Counseling Corner: You can learn to deal with anger

July 1, 1993

Counseling Corner: You can learn to deal with anger

By Marlene Greenspan, L.P.C.

Anger can be a tricky feeling, and one that affects our lives in a variety of negative ways. Not being able to control your anger can create significant problems in your social, professional and family relationships. Even milder bouts of anger, if not recognized or dealt with, can have serious implications.

Short-term physical responses to anger may include not feeling well, developing sudden aches and pains, or even unexplained feelings of dissatisfaction about everyone and everything in and around us. Long-term responses may include major illnesses, unruly behavior, and poor performances in the outside world or at home.

One of the key issues facing individuals is determining how to control anger before it controls them. This is a process that takes time and energy, not just a switch to be thrown at will.

An important first step is recognizing the internal signs that mean you’re becoming angry or are already there. Self-observation and remembering your personal reactions, both visible and those you kept to yourself, can help you understand how you are reacting when angry. It can also help to talk to trusted friends and family members, in a calm moment, about how they perceive you when you are angry.

Once you can recognize the signs that indicate you are becoming angry, it’s time to consider what steps you can take to deal with that anger. It’s important to determine these steps in a calm frame of mind to assess accurately how you’ll implement them when needed.

There are always a variety of alternatives available for venting anger, some more productive than others. Anyone can strike out verbally or physically at another person who seems to be the cause of the angry feelings. Close investigation, however, usually reveals that uncontrollable anger comes as a response to hidden personal feelings of inadequacy or self-disappointment. Instead of striking out at yourself, you may strike out at the person or thing that seems to reflect your weakness. Unfortunately, many people think that is an acceptable form of dealing with anger.

A more helpful first step in dealing with your anger can be to distance yourself from the anger stimulus—physically remove yourself from the scene or individuals causing your anger.

Next, it helps to find an acceptable means to work off the energy, both physical and emotional, that has been generated by your anger. Healthful physical exercise, like sports, jogging or walking, can be one outlet. Sometimes simply listening to soothing music can have a calming affect. Or, perhaps you might feel better if you sing loudly or play an instrument. Some people turn to artistic projects or write treatises or letters to vent their dissatisfaction. Muttering to yourself can even help, or you might find someone trustworthy with whom to discuss your distress in search of useful solutions.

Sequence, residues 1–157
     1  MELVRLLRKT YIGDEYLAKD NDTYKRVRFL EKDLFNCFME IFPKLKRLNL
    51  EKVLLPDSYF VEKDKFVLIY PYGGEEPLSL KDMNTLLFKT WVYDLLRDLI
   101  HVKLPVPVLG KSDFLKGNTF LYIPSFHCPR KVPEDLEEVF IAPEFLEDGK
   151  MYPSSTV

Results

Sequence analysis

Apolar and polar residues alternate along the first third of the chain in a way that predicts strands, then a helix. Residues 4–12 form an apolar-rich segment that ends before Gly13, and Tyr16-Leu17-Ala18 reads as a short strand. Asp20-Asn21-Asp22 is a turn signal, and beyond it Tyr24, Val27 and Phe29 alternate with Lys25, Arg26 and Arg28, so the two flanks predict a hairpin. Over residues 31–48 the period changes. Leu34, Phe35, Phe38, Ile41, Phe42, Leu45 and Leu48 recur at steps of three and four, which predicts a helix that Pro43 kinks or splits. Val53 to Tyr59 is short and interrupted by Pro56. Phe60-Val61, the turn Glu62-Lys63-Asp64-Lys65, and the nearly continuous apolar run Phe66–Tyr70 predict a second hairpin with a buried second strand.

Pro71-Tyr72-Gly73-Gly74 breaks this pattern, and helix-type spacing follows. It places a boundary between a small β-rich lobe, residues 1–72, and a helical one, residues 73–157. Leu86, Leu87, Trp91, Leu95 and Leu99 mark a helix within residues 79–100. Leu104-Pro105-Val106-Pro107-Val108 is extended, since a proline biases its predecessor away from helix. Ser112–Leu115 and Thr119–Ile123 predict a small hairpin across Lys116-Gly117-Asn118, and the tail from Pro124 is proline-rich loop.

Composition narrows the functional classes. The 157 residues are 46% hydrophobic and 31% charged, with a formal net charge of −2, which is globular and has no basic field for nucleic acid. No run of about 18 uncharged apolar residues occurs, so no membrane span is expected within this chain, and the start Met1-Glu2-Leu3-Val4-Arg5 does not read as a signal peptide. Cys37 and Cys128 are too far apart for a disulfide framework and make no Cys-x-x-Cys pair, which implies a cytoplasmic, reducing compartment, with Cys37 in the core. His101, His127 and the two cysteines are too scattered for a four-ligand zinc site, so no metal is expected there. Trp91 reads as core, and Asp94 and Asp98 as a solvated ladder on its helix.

When you’ve taken control of your angry feelings enough to avoid an out-of-control reaction, it’s time to determine exactly why you feel so angry, and to look for realistic and positive ways of handling situations and people who make you angry. Sitting down and visualizing what actually happened can help you prepare for situations in the future that might trigger feelings of anger and loss of personal control.

In other words, most cases involving anger do not require angry responses. Fights and explosions do not have to be the outcomes of disagreement or displeasure. If a particular person purposely goads you, an unexpected response like not rising to the bait can be very effective. If a particular situation consistently causes you problems, it may be possible to change or avoid it, or at least be better prepared for it.

The most important thing to remember about anger and loss of control is that there is always a way out or someone to help, even in the darkest moments. As you get to know yourself and your anger triggers, it’s possible to prevent negative responses by redirecting personal energy into more productive behaviors. And if you find, despite your best efforts, that controlling your anger still seems to elude you, seek help. A counseling professional can help you understand what is causing your anger, and provide you with techniques to help control and avoid such reactions.

Marlene Greenspan, a licensed professional counselor, has been coordinator of guidance for the last 18 years at the Yeshiva of North Jersey in River Edge. She is also in private practice in Teaneck, N.J., has published numerous articles in professional counseling journals, and conducted workshops for counseling professionals.

“The Counseling Corner” is provided as a public service by the American Counseling Association, the nation’s largest organization of counseling professionals, and with the support of the American Counseling Association Foundation. Additional information for consumers and counseling professionals is available through the ACA Web site at www.counseling.org.

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